On July 8, I posted a blog noting that the clerk’s office of the SJC doesn’t contact the parties when a memorandum decision comes out, unlike a regular decision. Today Matt Pollack told me that this policy would be changed, and going forward, he will tell the parties when any type of decision issues, either by phone or email.
While I would love to say that this is just one sign of my many earth-shattering powers or silver-tongued persuasiveness, I know that, to the contrary, it’s simply that the SJC, clerks and Justices, is the most responsive court on the planet. People who have only practiced in Maine just don’t know how lucky they are.
I started my career working summers and clerking in Chicago, in the federal court. At four-thirty, when the clerk’s office closed, the staff would literally slam the door and crush the foot of anyone with the temerity not to run away the second the clock hand even approached closing time.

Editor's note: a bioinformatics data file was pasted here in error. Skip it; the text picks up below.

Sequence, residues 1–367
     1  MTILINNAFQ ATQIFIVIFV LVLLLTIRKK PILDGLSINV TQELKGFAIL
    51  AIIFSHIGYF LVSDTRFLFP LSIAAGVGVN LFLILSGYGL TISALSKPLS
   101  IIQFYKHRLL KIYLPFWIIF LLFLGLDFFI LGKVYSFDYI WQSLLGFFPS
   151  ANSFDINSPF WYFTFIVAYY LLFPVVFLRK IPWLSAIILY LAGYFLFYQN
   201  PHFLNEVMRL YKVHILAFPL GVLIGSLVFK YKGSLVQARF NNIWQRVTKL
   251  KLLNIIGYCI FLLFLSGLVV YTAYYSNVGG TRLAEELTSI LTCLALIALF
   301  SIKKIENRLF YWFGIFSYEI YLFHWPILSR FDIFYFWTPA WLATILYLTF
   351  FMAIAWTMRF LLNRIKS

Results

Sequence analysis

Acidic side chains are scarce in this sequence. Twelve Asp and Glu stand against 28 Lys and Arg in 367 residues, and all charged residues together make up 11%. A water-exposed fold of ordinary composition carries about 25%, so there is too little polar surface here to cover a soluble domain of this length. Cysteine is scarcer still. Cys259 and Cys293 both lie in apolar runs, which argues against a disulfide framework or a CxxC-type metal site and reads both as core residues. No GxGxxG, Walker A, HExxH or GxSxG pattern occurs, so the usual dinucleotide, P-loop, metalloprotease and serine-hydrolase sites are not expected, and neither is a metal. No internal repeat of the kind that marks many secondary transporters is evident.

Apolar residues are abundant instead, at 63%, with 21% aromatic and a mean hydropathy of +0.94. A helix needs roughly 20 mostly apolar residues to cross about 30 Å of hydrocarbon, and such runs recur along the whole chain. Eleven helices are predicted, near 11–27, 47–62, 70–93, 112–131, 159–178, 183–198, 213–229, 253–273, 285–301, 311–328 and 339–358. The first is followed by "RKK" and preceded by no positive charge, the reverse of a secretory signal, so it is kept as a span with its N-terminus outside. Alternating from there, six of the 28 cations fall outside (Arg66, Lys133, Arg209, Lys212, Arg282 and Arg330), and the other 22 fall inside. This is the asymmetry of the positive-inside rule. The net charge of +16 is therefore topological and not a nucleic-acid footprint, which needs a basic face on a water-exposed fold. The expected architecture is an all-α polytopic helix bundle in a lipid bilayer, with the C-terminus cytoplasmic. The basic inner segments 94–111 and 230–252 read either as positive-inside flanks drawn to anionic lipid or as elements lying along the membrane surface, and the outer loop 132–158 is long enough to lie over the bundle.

The judges also ran the gamut. I clerked for a great judge, still on the bench (John Grady), who was wonderful to work for. There were others, however …. I clerked for Judge Grady when he was the chief judge, and believe me, he had a job like herding cats – only each member of the herd had life tenure. So maybe the more apt analogy is that it was like herding dogs like my Newfoundland: if a Newfie wants to sit down and stay put, there’s absolutely nothing you can do about it.
I firmly believe that there is some law of physics that requires at least one judge in the Northern District of Illinois to be, let us say, "colorful." (I call it the Julius J. Hoffman memorial seat.) The minute one of them retires, bam! another would appear. If you doubt me, google the name of a current member of that bench, Brian Barnett Duff.
So I for one am supremely aware of our good fortune with the Justices and the clerk’s office we have have here in Maine. They cooperate with each other and the bar; they listen and they work like the dickens. Good heavens, my understanding is that Justice Silver could be wearing a hard hat more than a robe these days, with his construction duties. When you consider that they are doing this with practically no resources and are paid bupkus, we should all be wafting rose petals in their paths or otherwise exuding gratitude every chance we get.
Thank you, Matt.